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A new frontier for ethically produced pet foods

Diana Scott
Frontier Pets founder Diana Scott.
Diana Scott
Frontier Pets founder Diana Scott.

In just three years, Frontier Pets, a business that sells ethically-produced pet foods, has grown from 85 customers to more than 8000.

But a successful business is not founder Diana Scott’s only goal – she is on a mission to put an end to factory farming.

Diana talked with Tim Ladhams, editor of Inside FMCG’s sister title Inside Small Business…

ISB: What inspired you to take on the pet food market with Frontier Pets?

DS: My personal and business vision is to end factory farming. I realised that the pet food industry actually props up factory farming by using the off-cuts of industrialised animals. The pet food industry is worth $8 billion in Australia alone…that’s lots of factory-farmed animals. Frontier Pets uses only 100 per cent high-welfare ingredients including free-range meat and offal, eggs and organic fruit & veg.

ISB: What was the biggest challenge you faced in getting the enterprise off the ground?

DS: The biggest challenge was developing the “process”. I have not been in manufacturing in the past, so this was all new to me. I started by contracting a vet/animal nutritionist to develop the recipe, so that it was not just an ethical brand, but a biologically appropriate one as well. Then I developed a business case around my requirements and worked my way to the end production goal.

ISB: How did your experience working advertising agencies help in growing the brand?

DS: My background is in marketing and advertising so I understand how to get the right message to the right people. I contracted a video producer to create video content for me (which I used to launch the brand) and then garnered support from pet industry experts. I did seek the expertise of social media experts as this is not my strength. Social media now makes up most of my marketing spend.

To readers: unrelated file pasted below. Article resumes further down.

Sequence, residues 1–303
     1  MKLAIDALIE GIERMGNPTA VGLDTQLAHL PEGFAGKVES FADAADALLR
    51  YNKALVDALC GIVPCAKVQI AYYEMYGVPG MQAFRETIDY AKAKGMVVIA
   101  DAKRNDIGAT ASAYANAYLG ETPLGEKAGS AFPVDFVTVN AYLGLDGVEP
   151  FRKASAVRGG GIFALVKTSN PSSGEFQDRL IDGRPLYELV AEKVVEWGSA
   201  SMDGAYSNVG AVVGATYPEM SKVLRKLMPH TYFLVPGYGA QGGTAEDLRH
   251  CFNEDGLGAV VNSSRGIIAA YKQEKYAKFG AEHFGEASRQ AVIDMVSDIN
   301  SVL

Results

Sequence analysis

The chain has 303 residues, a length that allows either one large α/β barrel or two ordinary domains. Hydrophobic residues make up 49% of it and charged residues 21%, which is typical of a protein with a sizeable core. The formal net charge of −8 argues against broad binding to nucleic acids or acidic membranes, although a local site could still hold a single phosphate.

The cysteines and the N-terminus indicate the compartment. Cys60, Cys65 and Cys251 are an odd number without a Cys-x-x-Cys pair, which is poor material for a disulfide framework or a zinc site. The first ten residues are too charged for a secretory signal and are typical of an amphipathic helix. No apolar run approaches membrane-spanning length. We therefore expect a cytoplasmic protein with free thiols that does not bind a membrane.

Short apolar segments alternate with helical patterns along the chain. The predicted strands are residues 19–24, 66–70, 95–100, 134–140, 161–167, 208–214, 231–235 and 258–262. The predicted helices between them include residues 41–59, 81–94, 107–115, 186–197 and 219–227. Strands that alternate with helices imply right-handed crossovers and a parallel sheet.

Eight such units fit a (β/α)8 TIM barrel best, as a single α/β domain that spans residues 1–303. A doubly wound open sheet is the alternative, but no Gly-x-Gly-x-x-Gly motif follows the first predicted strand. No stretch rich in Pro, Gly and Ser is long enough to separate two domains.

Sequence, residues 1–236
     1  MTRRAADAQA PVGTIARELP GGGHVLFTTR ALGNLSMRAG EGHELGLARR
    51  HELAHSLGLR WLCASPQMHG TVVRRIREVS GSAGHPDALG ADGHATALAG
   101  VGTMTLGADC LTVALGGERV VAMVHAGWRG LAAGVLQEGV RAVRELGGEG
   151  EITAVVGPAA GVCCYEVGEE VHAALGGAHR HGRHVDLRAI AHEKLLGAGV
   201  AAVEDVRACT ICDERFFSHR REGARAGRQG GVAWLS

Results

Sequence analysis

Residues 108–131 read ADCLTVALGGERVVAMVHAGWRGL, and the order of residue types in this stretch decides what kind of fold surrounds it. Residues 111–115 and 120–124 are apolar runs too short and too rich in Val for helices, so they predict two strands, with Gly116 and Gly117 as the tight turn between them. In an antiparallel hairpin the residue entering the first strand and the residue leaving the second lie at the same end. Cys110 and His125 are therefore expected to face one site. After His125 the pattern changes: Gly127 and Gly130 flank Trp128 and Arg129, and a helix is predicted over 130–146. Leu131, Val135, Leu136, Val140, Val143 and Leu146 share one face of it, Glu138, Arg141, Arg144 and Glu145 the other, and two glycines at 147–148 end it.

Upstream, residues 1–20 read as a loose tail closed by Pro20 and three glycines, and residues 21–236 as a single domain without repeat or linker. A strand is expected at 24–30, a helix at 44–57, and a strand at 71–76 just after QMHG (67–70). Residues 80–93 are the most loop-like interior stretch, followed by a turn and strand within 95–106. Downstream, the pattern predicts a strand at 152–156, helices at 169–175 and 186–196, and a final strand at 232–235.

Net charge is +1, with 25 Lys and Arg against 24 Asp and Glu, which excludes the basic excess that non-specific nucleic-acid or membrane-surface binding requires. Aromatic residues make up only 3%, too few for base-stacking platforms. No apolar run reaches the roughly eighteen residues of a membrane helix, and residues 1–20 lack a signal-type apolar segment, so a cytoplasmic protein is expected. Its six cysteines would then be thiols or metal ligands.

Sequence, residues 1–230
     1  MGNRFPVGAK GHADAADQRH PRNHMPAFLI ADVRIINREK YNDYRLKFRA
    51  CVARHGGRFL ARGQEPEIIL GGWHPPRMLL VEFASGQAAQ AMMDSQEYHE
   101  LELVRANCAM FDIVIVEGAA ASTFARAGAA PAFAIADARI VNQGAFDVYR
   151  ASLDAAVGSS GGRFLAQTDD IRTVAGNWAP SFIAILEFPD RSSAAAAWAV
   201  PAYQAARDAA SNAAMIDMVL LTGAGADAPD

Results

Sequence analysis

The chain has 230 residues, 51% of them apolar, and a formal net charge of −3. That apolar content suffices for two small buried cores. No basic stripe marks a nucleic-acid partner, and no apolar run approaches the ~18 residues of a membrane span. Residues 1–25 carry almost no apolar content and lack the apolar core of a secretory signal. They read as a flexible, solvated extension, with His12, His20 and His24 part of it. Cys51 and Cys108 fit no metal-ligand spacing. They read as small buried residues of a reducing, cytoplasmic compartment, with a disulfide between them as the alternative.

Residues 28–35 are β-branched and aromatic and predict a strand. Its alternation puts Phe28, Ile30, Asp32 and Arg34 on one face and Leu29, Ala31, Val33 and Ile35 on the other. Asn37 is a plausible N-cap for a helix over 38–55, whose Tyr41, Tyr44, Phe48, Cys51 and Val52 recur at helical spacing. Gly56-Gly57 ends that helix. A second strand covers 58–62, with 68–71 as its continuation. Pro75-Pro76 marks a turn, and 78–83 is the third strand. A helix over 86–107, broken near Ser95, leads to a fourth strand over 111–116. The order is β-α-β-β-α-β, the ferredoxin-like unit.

ISB: I understand ethical farming is very important to you – please tellus why, and how that manifests itself in your day-to-day operations.

DS: I cannot abide the thought of animals being kept in cramped conditions and living their very short lives in absolute misery. Factory-farmed animals are pumped full of growth hormones and antibiotics. It’s not just cruel to the animal, the whole process contributes to the destruction of the environment. We have notices throughout our two buildings that say end factory farming. Everyone knows that is why we are here and there is no compromise on the product we buy. Every few weeks I also add up our financial contribution to ethical farming and publish it.

ISB: What is your vision for the venture in the next couple of years?

DS: Our target is to contribute $2.5 million toward ethical farming in this financial year. Double that for FY 21/22 and double it again for FY 22/23. We’re also in conversations with like-minded organisations in Australia and around the world, looking for ways we can change labelling laws – so that people know exactly what they’re buying – and “converting” factory farmers into free-range farmers. That is our big dream.

ISB: Finally, what is the number one lesson you’ve learnt on this journey you’d share with others looking to start their own business?

DS: When I completed my business case I figured it would cost me $50,000 and three months to pull it off. It took three years, all of my superannuation and my house – about $700,000 in total. The passion and desire I had to do this blinded me to the reality of the sheer amount of work and money that I had to put into its success. I don’t regret it at all, but with hindsight I would have sought more industry expertise.

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